Grits with Shrimp and Sausage


Years ago I tagged along on a business trip my husband took to Charleston, South Carolina. I ordered shrimp and grits at our first dinner there. I’d previously not been a huge cornmeal fan.

Well, thank you Charleston. I’m a huge fan now. The secret is butter, cream and cheese. Which, of course, can make anything better.

So I’m making some grits today that will be served with shrimp and Andouille sausage for a Creole flair.

Similar to making risotto, you don’t have to use this recipe to a T. You can use butter and cream in your grits, you can use butter and cheese, or use all three! It just depends how you want your grits to turn out.

Get creative with grits. I didn’t include cheese in this recipe but think about the options – smoked mozzarella, feta, cheddar, Boursin, you name it. It all works.

Creamy Grits with Shrimp and Sausage

1 1/2 cups water
1 1/2 cup milk
6 tablespoons unsalted butter
Pinch of salt
1 cups grits, I use a medium grind
1/2 teaspoon white pepper
1/2 teaspoon sweet paprika
1/2 teaspoon dried thyme
2 tablespoons bacon grease or oil
14 ounces Andouille sausage, sliced
1 pound shrimp, shelled, cleaned, rinsed, dried
Black pepper
Grated Parmesan for serving, optional
Cayenne pepper flakes, optional

Add the water, milk, butter and the salt to a dutch oven over medium heat until the butter melts.

Add the grits and cook them, whisking constantly, for about 5 minutes.

Depending on what cornmeal you’re using (there’s everything from corn flour to a coarse grind) you can follow the recipe on the package, then there’s no guesswork.

If you think the grits are too thick, add some water, cream, broth – whatever you want to thin it slightly using a whisk. When you’re sure it’s done, and quits thickening, add the white pepper, paprika, and thyme. Cover the pot and set the grits aside.

Put a large skillet over high heat and add the bacon grease or oil. I had cooked some bacon, so I left the grease in the pan just for this purpose. Add the sausage slices and brown them on both sides. When they’re all browned, scoop them up with a slotted spoon and place them in a large bowl. But keep the skillet on the stove with the oil.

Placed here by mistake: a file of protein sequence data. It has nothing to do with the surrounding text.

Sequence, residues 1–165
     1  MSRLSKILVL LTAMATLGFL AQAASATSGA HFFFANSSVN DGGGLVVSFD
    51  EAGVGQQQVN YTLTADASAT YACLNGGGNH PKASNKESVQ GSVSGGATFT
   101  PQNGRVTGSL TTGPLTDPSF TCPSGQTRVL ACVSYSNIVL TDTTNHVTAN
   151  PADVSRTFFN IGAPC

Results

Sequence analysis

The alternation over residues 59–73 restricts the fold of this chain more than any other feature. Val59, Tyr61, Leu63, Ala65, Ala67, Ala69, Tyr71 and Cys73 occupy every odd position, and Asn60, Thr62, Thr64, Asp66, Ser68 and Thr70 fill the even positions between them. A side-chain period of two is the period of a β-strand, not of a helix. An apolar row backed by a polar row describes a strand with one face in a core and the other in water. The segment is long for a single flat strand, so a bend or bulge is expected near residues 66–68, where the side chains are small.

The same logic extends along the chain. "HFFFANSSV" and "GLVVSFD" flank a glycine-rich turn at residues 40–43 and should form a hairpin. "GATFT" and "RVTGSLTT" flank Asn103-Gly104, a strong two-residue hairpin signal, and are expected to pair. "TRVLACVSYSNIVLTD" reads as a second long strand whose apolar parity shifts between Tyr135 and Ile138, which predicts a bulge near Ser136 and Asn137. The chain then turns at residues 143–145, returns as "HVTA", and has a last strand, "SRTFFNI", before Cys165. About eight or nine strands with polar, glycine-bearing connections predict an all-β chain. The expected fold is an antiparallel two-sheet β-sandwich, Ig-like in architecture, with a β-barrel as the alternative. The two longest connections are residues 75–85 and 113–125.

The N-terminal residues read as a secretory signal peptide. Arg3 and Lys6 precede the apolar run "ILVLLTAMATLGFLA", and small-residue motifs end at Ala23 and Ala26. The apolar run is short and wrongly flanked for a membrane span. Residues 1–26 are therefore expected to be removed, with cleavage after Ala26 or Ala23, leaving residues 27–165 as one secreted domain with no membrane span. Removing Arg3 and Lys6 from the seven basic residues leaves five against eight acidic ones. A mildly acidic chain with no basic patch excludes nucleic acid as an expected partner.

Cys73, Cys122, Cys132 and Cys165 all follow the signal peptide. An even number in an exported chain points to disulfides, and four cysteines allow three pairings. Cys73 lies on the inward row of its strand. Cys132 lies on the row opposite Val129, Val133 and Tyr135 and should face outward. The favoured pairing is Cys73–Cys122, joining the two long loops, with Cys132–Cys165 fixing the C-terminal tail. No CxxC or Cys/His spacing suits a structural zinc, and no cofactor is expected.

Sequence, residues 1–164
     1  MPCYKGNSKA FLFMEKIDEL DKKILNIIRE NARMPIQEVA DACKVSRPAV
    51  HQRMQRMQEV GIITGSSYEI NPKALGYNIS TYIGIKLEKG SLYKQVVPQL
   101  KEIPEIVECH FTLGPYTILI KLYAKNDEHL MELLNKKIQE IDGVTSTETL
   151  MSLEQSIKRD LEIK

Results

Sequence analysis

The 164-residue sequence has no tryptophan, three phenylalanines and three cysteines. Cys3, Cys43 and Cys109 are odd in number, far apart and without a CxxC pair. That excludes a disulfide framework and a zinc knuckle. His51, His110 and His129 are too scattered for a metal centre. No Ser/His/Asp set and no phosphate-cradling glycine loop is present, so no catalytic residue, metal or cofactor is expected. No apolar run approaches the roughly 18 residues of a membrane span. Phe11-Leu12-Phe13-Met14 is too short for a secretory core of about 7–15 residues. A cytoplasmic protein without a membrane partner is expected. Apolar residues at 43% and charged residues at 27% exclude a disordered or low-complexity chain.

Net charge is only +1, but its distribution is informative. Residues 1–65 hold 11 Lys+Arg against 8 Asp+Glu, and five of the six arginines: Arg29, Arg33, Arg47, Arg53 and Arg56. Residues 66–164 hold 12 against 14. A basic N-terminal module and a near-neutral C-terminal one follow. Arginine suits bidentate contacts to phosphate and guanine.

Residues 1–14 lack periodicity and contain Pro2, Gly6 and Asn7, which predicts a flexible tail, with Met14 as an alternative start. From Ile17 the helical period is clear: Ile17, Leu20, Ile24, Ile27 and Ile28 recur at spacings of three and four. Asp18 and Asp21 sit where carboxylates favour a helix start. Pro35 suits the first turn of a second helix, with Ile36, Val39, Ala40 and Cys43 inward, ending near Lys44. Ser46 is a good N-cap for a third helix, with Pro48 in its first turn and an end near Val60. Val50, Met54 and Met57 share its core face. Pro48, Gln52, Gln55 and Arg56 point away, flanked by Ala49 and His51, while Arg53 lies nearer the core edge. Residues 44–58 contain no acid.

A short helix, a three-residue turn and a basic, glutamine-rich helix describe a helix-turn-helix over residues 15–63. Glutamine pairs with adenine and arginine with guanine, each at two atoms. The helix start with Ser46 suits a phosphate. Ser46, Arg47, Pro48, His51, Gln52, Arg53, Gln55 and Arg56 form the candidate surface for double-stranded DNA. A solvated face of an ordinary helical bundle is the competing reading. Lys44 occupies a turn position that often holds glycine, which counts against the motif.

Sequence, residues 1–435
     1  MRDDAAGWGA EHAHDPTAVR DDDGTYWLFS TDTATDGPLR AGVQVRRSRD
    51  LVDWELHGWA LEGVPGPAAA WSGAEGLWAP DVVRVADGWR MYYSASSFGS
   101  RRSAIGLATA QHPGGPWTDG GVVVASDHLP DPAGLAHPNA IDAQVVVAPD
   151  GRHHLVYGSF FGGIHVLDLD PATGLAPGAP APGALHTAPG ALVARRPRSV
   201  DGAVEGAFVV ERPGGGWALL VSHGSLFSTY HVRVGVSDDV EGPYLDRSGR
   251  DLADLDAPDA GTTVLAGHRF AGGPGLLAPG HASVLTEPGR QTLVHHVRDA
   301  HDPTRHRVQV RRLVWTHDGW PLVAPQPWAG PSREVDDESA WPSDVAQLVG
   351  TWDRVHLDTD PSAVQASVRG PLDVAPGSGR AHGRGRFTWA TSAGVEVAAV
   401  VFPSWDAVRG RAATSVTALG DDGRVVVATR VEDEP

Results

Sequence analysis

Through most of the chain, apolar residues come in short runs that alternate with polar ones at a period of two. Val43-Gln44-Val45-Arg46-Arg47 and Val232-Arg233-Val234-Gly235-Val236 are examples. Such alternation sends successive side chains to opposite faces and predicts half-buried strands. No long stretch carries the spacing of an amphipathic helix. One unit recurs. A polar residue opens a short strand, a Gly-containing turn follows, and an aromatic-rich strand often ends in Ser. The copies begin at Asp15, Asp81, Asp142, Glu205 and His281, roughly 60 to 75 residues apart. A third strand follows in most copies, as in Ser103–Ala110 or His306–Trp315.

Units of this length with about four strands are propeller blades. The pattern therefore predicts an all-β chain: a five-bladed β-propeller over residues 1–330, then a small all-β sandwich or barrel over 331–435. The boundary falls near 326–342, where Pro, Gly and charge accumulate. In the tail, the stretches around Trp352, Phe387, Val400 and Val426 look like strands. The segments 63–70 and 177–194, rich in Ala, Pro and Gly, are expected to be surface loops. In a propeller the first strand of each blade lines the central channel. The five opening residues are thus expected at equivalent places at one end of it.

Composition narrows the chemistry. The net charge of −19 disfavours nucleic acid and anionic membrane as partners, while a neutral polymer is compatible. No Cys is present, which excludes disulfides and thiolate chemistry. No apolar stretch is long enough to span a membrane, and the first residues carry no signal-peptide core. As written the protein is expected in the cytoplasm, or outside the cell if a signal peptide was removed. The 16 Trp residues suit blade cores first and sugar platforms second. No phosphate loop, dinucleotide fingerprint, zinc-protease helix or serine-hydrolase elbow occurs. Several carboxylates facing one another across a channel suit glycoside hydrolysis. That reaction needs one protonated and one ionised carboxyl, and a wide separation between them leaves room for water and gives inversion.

Salt and pepper all of the shrimp. Add the shrimp, in batches, and cook them in the same grease until they are opaque. This only takes a minute. Place the cooked shrimp in the bowl with the sausage, and continue with the remaining shrimp.

When it is time to serve, have your grits, shrimp, and sausage all warm. Place some of the grits in a pasta bowl. Then top with the shrimp and sausage.

I always like to offer cayenne pepper flakes, just because I like things spicy, but that’s optional. You could even serve Tabasco or another hot sauce.

Chopped green onions are also good.

Because I didn’t include cheese in the grits, I thought I’d serve some Parmesan as an optional topping.

Parmesan takes it over the top, but other cheeses could be used as well.

46 thoughts on “Grits with Shrimp and Sausage

  1. That looks great. I’ve never eaten grits. Sounds awful to us English … gritty things aren’t good! But reading your post it sounds like polenta (which can be a bit gritty :) ) … and I do like … but only dressed up with cheese and lots of butter, much like you’ve done here. Polenta is usually bright yellow corn but I had quite of bit of white polenta in Venice last year … grits???

    • I maybe should have more specific, but I think I’ve already done two polenta posts and I didn’t want to be repetitive. But grits and polenta are exactly the same thing – corn meal. There is yellow, and white. And, there are different grind sizes. The cheap kind is typically very fine for quick cooking, and also de-germed to that it lasts longer on the shelf, and also is much less healthy. That’s why I prefer the coarser grind. And I buy yellow because I feel like color means more healthy, like colorful veggies. Grits is a horrible name, which I think is another reason why I avoided them for so long. But once they’re cooked, they are just smooth like polenta.

      • Thanks for demystifying the polenta/ grits thing. I ate grits once in the USA. They were not to my taste at all so have avoided them ever since. Polenta I adore. I guess there are good cooks and bad cooks worldwide. Time to revisit grits……..😀

      • They are one and the same, however, in the US, you can get finely ground grits, medium, and coarser ground ones. So that might change the texture somewhat. There’s also white and yellow and blue. But yes, they maybe weren’t made well.

  2. Lovely post. It is impossible to get grits here in France, but everytime a friend from the States visits, that is the one thing I ask for (and maple syrup). I adore shrimp and grits! Lovely post. Next time I have grits, I will be making this!

  3. This has become a favorite dish of mine since relocating to North Carolina. I really love it and you’ve photographed it beautifully, Chef Mimi…I’m sure non-southerners will want (no, they need to) try this. All that’s missing is the sweet tea!

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